Thanks to the most recent round of federal TIGER grants, our city will now have slightly over $10 million along with matching funding from other sources to spread across three projects, connecting our trails and improving a few trouble spots. These funds are going to further help the city’s ‘Closing the Gaps’ plan, which aims to make connections to North and West Philadelphia easier to access for cyclists and pedestrians.
“This grant will support fantastic projects across the City of Philadelphia which will ultimately improve quality of life for our residents,” said Mayor Nutter in a press release.
As reported by Plan Philly, this money will be going towards the development of the rusting and derelict Schuylkill River Swing Bridge into a connecting path between the soon to be completed Grays Ferry Crescent Trail and Bartram’s Mile Trail.
The next and much-welcomed improvement will be going in across town on North American Street between Girard and Lehigh. These will include the installment of a designated parking lane for cars, a bright green lane for bikes and the train tracks will converted to an area for trees that will separate the two travel lanes.
The smallest, but equally significant improvement for road conditions will be at Westmorland Street in North Philly which will bridge the gap over and over-grown section of 4th street which currently only has a pedestrian bridge.
“The Westmoreland St. project is a huge win for residents of this pocket of North Philadelphia. This new roadway will promote multi-modal neighborhood connectivity and remove a safety and security risk that is a major blighting influence in the community,” said David J. Perri, Commissioner of the Philadelphia Streets Department in a press release from the mayor’s office.
The $10 million in grants from TIGER is only a small part of the funding for these three projects. An additional $24,755,000 will be coming from the city and state along with The Delaware Valley Regional Planning Commission and the Schuylkill River Development Corporation.
The Bicycle Coalition is always happy to see improvement to cycling conditions on our streets. But we question the proposed design of cycling facilities on the wide stretch of road of North American Street. According to the plans, the bike lane will be running between a parking lane and the travel lane. We believe this road is ideal for the same design of protected bike lane soon going on Ryan Avenue between Lexington Avenue and Rowland Avenue. That lane will be the city’s first fully protected bike lane and will be separated from traffic by a parking lane and bollards.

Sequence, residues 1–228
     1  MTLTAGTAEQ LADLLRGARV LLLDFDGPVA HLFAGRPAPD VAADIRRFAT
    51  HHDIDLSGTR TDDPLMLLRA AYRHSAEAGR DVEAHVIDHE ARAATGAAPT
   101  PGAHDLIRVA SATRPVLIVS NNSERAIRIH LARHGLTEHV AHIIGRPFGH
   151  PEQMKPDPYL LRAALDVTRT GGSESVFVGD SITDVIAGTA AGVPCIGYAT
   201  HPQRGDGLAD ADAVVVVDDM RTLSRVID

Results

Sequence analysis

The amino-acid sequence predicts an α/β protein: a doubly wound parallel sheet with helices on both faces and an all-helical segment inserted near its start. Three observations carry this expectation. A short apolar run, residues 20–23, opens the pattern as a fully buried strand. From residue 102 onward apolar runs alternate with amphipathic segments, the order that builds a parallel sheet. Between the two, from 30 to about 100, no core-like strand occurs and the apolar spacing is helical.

“Go for broke and get the best of the best on American Street,” the Coalition’s director of research John Boyle said in reaction to the plans. We’ll be analyzing these plans and sharing our requests for safer streets over the coming months.
Since the program’s inception, it has played a vital role in the region and has awarded just over $77.8 million total to the area. Of that amount, $27.4 million has gone directly to improvements of cycling infrastructure in Philadelphia. It began with the 2009 round of funding when $17,200,000 went towards improving and building eight separate pedestrian and baking paths. These projects included the pedestrian bridge on the Schuylkill Banks, enhancement of biking and pedestrian facilities on Walnut Street Bridge, the creation of Bartram’s Garden Trail and the Delaware Avenue trail.
The benefits of this program have also been felt in other areas of the city throughout the years.
2010: $15 million Dilworth Plaza and concourse improvements.
2011: $10 million for 100 traffic controllers to improve traffic flow and safety along Castor/Oxford Avenues, Bustleton Avenue, and Woodland Avenue.
2012: $12,862,699 for improvement of Wayne Junction power substation which powers much of SEPTA’s transit systems.
2013: $10 million to SEPTA to separate passenger and freight rail lines on SEPTA’s west Trenton Regional rail lines.
2014: $2,500,000 for a study to find possible improvements for multimodal transportation of Roosevelt Blvd.
Sadly, the $500 million that was available to TIGER for grants in 2015 has been drastically slashed by 80% to $100 million in 2016. This may make it more difficult for future funding assistance to make it to the area, but our fingers are crossed.